This one looks better than the last.
"Constant current range :0.1-12A"
Good find. So you would need to set the 'constant current output' to 900-1000mA, then simply connect your LED's in series. (Make sure you don't use too many LEDs, or the forward voltage will be too high).
In theory yes... but in practice it would be a bad idea.
Remember from before, the LEDs are all a little different.
If one of your 'lights' is actually a lower forward voltage than the other, then it will draw most of the current which could be too much. This will damage the lower forward voltage 'light' and cause the other 'light' to be dimmer. Also, if one 'light' fails, the current supply will attempt to continue shoving the same amount of current for two 'lights' into the remaining light... which would most likely kill it in short order.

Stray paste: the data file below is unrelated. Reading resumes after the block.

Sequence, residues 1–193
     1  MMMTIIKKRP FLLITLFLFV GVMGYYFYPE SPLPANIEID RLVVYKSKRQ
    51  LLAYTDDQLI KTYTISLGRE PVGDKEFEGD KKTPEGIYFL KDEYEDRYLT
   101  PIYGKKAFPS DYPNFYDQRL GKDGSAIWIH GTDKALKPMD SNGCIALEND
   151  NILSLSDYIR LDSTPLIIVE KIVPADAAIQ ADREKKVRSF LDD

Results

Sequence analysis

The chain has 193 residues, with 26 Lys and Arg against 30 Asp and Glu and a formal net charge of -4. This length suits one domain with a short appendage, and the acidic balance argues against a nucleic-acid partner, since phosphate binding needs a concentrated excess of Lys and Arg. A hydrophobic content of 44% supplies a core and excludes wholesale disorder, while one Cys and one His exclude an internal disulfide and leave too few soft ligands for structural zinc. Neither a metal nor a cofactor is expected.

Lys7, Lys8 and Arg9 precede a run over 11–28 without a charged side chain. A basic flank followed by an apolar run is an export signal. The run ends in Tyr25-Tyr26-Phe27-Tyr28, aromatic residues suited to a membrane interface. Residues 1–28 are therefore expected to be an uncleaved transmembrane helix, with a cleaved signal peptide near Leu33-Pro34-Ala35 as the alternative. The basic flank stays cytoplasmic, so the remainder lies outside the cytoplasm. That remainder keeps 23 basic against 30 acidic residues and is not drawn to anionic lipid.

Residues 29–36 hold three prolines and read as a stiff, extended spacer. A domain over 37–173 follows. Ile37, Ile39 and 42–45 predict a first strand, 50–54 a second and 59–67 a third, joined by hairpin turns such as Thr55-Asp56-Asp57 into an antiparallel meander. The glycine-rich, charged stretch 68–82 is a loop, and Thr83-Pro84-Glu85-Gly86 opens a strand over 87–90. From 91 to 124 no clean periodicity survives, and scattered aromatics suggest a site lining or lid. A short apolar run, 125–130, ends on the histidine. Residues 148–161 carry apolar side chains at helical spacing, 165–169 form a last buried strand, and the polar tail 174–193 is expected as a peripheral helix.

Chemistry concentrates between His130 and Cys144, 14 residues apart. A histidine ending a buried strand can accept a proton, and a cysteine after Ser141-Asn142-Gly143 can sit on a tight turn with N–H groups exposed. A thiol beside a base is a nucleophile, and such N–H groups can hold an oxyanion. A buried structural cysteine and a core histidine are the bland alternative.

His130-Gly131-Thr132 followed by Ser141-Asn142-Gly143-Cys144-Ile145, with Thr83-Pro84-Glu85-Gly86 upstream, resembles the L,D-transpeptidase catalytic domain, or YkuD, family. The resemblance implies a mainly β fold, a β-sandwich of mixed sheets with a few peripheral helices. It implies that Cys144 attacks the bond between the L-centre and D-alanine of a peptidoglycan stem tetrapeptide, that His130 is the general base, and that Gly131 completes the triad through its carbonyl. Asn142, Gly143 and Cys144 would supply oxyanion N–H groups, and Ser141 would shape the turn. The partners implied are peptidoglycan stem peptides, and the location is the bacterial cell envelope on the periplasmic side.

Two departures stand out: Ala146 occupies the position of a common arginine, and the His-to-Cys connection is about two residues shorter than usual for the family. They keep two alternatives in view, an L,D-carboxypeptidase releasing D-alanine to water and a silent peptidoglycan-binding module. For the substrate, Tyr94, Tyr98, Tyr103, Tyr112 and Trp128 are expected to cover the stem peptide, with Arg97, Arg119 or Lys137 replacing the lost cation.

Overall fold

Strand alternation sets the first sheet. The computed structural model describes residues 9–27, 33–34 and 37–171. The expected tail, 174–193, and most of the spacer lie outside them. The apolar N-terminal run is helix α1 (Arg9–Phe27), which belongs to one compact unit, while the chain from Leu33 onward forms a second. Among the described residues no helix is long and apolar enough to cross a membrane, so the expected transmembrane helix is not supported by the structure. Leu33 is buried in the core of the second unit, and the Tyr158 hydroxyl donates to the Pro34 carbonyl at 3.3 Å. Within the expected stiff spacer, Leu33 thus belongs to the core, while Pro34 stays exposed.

So.. the option here would be to try making a 'light' with only 4 LEDs, look for a more capable current supply, or risk it and put a 5-10Ω on each light to attempt to help keep them more balanced.
Looks that easy to me.
You've taken the highest possible forward voltage (36v) and used that for you requirements calculation, and the current supply you have goes up to 80V giving you a little head room.
Current of each LED is 3.5A, which again, the supply states it can handle much higher.
I may end up ditching the 10Watt LEDs I have here and getting those as well XD